By Amr Shady
Africa’s mobile revolution continues to spur innovations and fuel economies, uplifting employment and exposing developing countries to a new realm of economic opportunities.
As the world celebrates this year’s Worker’s Day to commemorate trade unions and labour movements, the mobile industry in Africa is expanding to fulfill the continent’s growing needs for mobile solutions and create more opportunities for its workforce.
Job prospects are increasing in a trend driven by mobile technologies along with the industry’s expansion. Around 12.8 million people were directly employed by the mobile industry worldwide in 2014, according to ‘The Mobile Economy: 2015’ report which expects this number to jump to 15.3 million by 2020.
The boom in the mobile industry is expected to significantly contribute to global GDP, public funding and jobs, according to the report, forecasting mobile phone subscribers to surge by 1 billion over the next five years, going up from 3.6 to 4.6 billion by 2020.
“Mobile technology is predicted to generate a total economic value of nearly USD 4 trillion [by 2020], increasing the sector’s global GDP contribution to 4.2%,” says the report describing the mobile industry as a “cornerstone of the global economy.”
The mobile revolution is at the heart of Africa’s economic boom. Cell phones have become a necessity for Africans from all walks of life.
Mobile services are more affordable and available than any of the basic services in Africa. More than half the population of Nigeria, for example, is deprived of electricity services and around 38 million don’t have access to clean water. Yet, the future potential for full access to mobile is there.
Africa’s mobile subscriber growth remains the fastest in the world, approaching 1 billion mobile subscriptions by 2015 according to the latest figures from Informa Telecoms and Media. The mobile market has the largest impact on African life and business. Frost & Sullivan reports that mobile penetration is at 94.6 percent, far above that of fixed telecommunications on the continent.
As more countries open up their telecom space, ease regulations and encourage investments, mobile services and handsets will become more affordable.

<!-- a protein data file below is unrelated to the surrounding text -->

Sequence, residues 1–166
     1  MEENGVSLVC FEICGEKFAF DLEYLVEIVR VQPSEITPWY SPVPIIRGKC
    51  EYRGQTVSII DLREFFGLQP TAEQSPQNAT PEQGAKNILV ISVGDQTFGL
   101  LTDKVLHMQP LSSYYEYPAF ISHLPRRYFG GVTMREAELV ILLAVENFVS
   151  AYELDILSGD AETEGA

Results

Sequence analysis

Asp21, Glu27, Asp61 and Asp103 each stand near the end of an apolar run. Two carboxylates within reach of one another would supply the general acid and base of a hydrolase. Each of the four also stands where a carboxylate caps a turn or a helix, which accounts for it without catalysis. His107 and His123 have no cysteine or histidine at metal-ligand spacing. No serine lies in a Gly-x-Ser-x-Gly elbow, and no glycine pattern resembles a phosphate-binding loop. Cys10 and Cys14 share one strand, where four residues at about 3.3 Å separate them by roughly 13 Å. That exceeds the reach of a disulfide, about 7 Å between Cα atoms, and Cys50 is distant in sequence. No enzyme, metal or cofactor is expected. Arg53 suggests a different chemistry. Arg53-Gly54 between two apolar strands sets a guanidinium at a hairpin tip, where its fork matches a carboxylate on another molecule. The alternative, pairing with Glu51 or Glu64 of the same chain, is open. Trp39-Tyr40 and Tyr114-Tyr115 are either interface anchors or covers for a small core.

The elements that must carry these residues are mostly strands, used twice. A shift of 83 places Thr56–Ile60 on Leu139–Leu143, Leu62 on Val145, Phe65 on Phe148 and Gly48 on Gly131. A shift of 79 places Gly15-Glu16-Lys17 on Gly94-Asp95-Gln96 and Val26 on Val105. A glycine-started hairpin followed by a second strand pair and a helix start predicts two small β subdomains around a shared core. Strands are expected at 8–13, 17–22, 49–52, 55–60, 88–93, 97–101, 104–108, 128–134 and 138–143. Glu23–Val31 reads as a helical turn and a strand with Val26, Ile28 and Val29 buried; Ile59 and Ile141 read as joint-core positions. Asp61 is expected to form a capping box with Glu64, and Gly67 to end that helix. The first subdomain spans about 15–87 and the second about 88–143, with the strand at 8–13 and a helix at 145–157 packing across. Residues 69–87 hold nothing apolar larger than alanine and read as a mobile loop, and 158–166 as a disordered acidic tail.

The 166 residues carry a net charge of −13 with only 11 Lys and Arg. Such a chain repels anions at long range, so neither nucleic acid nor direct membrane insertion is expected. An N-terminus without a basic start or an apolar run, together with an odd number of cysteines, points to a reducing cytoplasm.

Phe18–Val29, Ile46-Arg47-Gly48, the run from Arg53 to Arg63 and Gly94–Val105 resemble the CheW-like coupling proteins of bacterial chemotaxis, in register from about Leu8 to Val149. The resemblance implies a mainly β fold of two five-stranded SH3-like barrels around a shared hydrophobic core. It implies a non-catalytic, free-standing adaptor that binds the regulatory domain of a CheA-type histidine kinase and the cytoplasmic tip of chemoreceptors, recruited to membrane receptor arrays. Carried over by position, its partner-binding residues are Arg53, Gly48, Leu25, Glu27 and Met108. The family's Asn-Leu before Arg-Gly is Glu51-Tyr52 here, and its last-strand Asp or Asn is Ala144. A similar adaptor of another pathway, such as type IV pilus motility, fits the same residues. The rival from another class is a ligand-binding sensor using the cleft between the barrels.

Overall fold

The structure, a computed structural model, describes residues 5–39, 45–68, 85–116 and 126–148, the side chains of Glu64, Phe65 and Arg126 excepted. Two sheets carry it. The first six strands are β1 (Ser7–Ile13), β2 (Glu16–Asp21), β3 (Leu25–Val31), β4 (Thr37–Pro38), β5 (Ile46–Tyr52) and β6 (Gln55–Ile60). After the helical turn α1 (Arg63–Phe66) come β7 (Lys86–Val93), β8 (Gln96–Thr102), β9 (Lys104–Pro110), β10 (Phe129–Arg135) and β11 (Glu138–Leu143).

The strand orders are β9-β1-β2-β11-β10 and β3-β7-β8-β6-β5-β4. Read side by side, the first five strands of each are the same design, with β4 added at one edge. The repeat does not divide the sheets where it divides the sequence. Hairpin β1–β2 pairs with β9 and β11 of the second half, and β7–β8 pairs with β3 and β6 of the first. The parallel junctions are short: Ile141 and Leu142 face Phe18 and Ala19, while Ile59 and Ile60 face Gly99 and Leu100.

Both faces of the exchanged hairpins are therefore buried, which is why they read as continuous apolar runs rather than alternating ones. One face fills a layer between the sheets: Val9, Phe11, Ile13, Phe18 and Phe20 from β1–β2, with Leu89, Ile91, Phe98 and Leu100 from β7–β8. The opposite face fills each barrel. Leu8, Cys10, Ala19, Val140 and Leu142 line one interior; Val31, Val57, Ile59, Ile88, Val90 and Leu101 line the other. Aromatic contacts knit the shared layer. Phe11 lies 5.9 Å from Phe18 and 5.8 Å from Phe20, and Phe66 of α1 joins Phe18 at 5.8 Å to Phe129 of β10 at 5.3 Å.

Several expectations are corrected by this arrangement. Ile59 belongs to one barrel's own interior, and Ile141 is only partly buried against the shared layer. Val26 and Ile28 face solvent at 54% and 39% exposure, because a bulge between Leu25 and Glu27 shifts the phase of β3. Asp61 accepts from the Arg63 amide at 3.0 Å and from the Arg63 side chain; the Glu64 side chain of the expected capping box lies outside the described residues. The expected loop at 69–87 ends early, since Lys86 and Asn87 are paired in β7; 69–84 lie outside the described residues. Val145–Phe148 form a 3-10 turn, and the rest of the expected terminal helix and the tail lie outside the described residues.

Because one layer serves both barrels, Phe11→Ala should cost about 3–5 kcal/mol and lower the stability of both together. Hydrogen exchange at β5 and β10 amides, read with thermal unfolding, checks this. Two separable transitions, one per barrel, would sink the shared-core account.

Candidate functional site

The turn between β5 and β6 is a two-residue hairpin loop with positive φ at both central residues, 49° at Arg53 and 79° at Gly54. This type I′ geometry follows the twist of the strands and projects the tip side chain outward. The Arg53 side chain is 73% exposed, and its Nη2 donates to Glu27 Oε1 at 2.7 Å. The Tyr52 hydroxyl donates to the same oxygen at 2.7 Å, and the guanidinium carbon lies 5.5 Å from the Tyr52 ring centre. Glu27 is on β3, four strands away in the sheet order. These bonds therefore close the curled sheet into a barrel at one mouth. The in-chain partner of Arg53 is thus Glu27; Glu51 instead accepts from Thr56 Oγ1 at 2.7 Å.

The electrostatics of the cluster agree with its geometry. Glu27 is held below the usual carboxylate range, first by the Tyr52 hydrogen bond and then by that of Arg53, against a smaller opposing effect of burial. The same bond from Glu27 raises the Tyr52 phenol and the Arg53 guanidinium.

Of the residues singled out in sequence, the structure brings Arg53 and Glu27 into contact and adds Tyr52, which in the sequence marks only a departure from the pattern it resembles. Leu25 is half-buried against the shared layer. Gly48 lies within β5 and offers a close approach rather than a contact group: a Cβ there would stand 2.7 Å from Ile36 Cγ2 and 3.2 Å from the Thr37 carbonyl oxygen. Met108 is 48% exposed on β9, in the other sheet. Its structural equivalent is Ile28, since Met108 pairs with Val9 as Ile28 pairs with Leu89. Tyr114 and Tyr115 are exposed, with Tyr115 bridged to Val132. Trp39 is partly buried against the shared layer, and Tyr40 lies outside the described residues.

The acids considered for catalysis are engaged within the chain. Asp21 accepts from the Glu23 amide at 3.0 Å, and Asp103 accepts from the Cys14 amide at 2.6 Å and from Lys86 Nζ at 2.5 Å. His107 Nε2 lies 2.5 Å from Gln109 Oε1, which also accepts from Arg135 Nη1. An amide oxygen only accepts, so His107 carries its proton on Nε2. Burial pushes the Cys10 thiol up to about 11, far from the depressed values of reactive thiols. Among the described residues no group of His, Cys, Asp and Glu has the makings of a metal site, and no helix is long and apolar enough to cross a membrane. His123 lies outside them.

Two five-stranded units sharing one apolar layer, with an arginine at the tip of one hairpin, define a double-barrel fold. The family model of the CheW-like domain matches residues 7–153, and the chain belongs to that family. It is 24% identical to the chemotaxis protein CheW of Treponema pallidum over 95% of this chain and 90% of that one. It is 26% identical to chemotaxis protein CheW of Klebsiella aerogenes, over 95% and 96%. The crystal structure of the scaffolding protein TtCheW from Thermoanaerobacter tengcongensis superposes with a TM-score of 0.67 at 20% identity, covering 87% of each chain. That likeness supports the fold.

A World Bank report expects the majority of African populations living in rural areas, particularly in Sub-Saharan Africa, to reap the fruits of economic development by 2033.
GSMA reports that the Sub-Saharan African region, for example, is the fastest growing in terms of annual unique mobile subscriptions, which have increased by 18 percent over the past five years.
The industry, as GSMA puts it “has already had a transformative effect on the social and economic development of Sub-Saharan Africa,” contributing with more than 6 percent to the region’s GDP, generating over 3 million jobs and USD 21 billion in tax revenue. This figure is relatively high compared to other regions of the world as the industry contributes to 1.4 percent of the GDP in the Asia-Pacific and 4 percent in Latin America.
Mobile technology is clearly transforming the commercial landscape, extending access to ICT, financial and health and social services like never before. Management consulting firm McKinsey predicts that e-commerce – much of it fuelled by mobile technologies – will become a USD 75-billion industry by 2025.
The telecom industry is expected to grow at unprecedented rates in Africa. Market saturation is unlikely in the near future with more investments flooding into the continent to fulfill its growing appetite to communicate via mobile.
Africa is growing, and by 2035 much of the continent will have evolved into a middle-income market. It is time to catalyze these real growth opportunities to make the economic boom sustainable.
Amr Shady is the founder and chairman of TA telecom, an award-winning company that builds mobile content platforms and analytic tools. The company is now recognized as one of the fastest-growing companies in Europe, Middle East and Africa (EMEA). Amr is an active member of the esteemed global Endeavor network where he also serves on the Egypt board. He earned his Bachelor of Science degree in Electrical Engineering from Canada’s Dalhousie University. He is currently pursuing a master’s degree in Business Analytics at New York University’s Leonard N. Stern School of Business.